Guardsmen say theyre good to go
- Jim Redden
- Portland Tribune - News
Colorado post fills as part of the biggest deployment since World War II
FORT CARSON, Colo. Ñ There are no live hand grenades for training at Fort Carson, Colo., which is just another sign that the United States soon may be going to war in Iraq.
All the hot ones have been sent overseas, leaving only reusable practice grenades for the hundreds of Oregon National Guard infantrymen to heave during their current foot-soldier refresher course.
Most of the Oregon National Guard troops arrived Feb. 15. They don't know when they'll be shipped out, nor where they will be stationed. But everyone on the sprawling post Ñ just south of Colorado Springs Ñ says it's just a matter of time before the fighting starts.
'It's a job that's long overdue,' 1st. Sgt. Fred Waters said Tuesday after qualifying at the rifle range with a perfect score Ñ hitting 40 targets without a miss.
Waters, a Monmouth cement truck driver, is one of hundreds of Oregon Guard troops who have given up the comforts of home for the hard life of combat soldiers, such as:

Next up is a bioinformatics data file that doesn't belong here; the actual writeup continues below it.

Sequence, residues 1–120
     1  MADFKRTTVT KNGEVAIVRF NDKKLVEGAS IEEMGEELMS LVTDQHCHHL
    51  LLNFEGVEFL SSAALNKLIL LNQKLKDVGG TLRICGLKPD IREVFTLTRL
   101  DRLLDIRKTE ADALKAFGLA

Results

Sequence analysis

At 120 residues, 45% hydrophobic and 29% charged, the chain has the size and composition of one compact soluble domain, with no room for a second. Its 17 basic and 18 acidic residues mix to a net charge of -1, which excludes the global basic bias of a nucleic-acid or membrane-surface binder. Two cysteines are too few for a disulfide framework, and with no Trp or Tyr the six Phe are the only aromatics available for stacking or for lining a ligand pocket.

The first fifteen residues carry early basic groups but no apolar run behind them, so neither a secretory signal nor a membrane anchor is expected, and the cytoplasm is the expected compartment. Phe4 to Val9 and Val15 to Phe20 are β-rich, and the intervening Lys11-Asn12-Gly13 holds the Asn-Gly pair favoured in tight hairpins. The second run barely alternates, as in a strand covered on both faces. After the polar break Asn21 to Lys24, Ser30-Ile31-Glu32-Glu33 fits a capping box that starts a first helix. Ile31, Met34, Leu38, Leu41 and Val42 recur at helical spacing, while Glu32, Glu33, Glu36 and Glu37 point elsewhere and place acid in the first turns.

• Capt. John Robinson, who is on leave from his job in Nike's global apparel department;
• Staff Sgt. Joe Wapner, who is no longer a stay-at-home dad for his three children;
• Pvt. Jeremy Anderson, who has suspended his computer technology education.
More than 400 soldiers from Oregon's 1st Battalion, 162nd Infantry, have moved into an abandoned World War II-era hospital on the southern edge of the post. They sleep on cots jammed together in former patient and examination rooms, the smell of perspiration mingling with the musty odor of the aging medical facility.
But despite the cramped quarters and the near-zero temperatures that hit the area earlier this week, nobody's complaining Ñ at least not to the media.
'It takes a lot of adjusting, and there have been some ups and downs, but the men are holding up well,' said Robinson, who commands Charlie Company, one of the three companies that make up the Oregon battalion.
The men understand that the training could save their lives, including the hours spent learning how to deal with poison gases and biological nerve agents.
One drill they practice in the barracks has the soldiers whipping complex gas masks out of hip-mounted pouches and strapping them to their faces in under 10 seconds. If the procedure takes longer, it's 50 push-ups and repeat until the mask is strapped on in time.